Update on the Most Splendid Housing Bubbles in the US


by Wolf Richter, Wolf Street:

Everything spikes.

Prices of houses and condos across the US surged 6.3% from a year earlier (not seasonally-adjusted), according to the S&P CoreLogic Case-Shiller National Home Price Index for February, released this morning. The index is now 6.7% above the crazy peak of “Housing Bubble 1” in July 2006 just before the hot air hissed out, and 47% above the bottom of “Housing Bust 1”:

Real estate is local though prices are also impacted by national and global factors — such as monetary policies and offshore investors who consider US housing as an asset class and escape route — as well as by local factors. Together they create local housing bubbles. As local housing bubbles accumulate, even as some housing markets remain in the doldrums, they turn into a national housing bubble, as depicted in the chart above.

The Case-Shiller Index is based on a rolling three-month average; today’s release is for December, January, and February. The index, based on “home price sales pairs,” compares the sales price of a house in the current month to the last transaction of the same house years earlier. The index then incorporates other factors and uses algorithms to arrive at a data point. The index was set at 100 for January 2000; so an index value of 200 means prices as figured by the index have doubled.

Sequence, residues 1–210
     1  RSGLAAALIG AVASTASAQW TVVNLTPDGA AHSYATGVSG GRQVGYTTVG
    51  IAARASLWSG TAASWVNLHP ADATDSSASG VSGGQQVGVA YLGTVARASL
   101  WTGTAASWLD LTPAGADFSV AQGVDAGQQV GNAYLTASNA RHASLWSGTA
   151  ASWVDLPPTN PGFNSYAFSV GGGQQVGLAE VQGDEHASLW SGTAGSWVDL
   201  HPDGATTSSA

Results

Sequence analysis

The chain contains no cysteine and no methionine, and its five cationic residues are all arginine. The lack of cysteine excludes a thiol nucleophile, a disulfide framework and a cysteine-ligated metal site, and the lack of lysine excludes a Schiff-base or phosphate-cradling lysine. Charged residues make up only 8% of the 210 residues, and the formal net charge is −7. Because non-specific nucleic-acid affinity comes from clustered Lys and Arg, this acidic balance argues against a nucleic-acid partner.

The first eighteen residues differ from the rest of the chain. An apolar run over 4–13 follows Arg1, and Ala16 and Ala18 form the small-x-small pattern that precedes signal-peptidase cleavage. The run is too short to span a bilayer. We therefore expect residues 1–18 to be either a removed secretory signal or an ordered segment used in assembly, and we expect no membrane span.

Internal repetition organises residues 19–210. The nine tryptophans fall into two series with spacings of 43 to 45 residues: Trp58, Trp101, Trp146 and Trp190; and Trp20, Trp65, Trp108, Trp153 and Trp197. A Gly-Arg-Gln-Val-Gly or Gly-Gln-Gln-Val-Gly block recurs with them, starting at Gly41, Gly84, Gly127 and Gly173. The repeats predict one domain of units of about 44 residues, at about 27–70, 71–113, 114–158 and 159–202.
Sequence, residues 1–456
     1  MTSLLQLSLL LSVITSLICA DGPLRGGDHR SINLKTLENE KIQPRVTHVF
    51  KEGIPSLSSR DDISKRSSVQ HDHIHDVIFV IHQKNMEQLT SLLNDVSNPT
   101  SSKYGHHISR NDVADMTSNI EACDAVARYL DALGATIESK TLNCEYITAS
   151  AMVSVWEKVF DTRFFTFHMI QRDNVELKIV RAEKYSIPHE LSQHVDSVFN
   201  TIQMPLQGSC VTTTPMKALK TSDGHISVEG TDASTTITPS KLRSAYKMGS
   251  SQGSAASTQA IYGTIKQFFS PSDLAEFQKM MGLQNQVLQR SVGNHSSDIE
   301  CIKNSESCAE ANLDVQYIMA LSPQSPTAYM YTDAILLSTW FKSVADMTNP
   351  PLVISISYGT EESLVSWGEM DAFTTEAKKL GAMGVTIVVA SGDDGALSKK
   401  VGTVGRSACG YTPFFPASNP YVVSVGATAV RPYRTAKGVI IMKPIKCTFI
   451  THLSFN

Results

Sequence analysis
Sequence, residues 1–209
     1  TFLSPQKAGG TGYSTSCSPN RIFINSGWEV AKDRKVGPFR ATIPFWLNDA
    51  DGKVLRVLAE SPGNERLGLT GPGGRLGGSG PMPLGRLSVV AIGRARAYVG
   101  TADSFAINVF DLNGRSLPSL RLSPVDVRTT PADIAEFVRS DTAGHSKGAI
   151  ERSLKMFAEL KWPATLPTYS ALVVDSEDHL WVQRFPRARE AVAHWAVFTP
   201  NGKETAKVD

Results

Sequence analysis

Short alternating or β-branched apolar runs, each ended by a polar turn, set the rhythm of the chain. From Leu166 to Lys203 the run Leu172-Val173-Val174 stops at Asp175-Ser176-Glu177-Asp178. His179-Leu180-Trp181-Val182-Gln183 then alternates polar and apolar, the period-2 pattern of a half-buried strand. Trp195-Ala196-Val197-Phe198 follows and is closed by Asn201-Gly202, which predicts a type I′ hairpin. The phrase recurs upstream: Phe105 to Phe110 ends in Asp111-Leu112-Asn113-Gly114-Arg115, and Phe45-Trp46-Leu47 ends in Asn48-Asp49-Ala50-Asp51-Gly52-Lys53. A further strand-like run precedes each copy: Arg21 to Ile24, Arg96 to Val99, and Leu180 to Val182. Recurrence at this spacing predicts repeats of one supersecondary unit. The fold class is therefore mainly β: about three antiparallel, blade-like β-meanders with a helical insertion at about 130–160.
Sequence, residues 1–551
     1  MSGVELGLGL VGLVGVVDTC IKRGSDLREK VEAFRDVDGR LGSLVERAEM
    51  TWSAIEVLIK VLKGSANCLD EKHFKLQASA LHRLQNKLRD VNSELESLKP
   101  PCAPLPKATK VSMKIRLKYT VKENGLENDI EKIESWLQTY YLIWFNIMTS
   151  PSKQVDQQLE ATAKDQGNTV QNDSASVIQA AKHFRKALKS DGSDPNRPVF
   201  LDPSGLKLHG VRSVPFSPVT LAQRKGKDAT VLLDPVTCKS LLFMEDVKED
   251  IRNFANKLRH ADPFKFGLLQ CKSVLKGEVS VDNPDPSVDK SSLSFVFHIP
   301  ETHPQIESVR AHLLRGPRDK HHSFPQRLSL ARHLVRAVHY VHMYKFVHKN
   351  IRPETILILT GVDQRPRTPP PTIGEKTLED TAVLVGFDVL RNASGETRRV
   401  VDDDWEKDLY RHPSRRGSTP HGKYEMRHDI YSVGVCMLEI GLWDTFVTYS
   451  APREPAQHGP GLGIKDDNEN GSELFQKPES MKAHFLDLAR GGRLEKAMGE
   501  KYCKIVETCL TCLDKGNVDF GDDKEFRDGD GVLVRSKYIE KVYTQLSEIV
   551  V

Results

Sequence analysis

So here are the most splendid housing bubbles in major metro areas in the US:

The Case-Shiller home price index for the Boston metro jumped 0.7% on a monthly basis, to a new record, after two months of increases that followed three declines in a row, that had followed a 22-month surge during which the index defied not only gravity but also normal seasonal variations. The index is up 5.7% from a year ago. During Housing Bubble 1, from January 2000 to October 2005, the index had skyrocketed 82% before dropping. It now tops that crazy peak by 13%:

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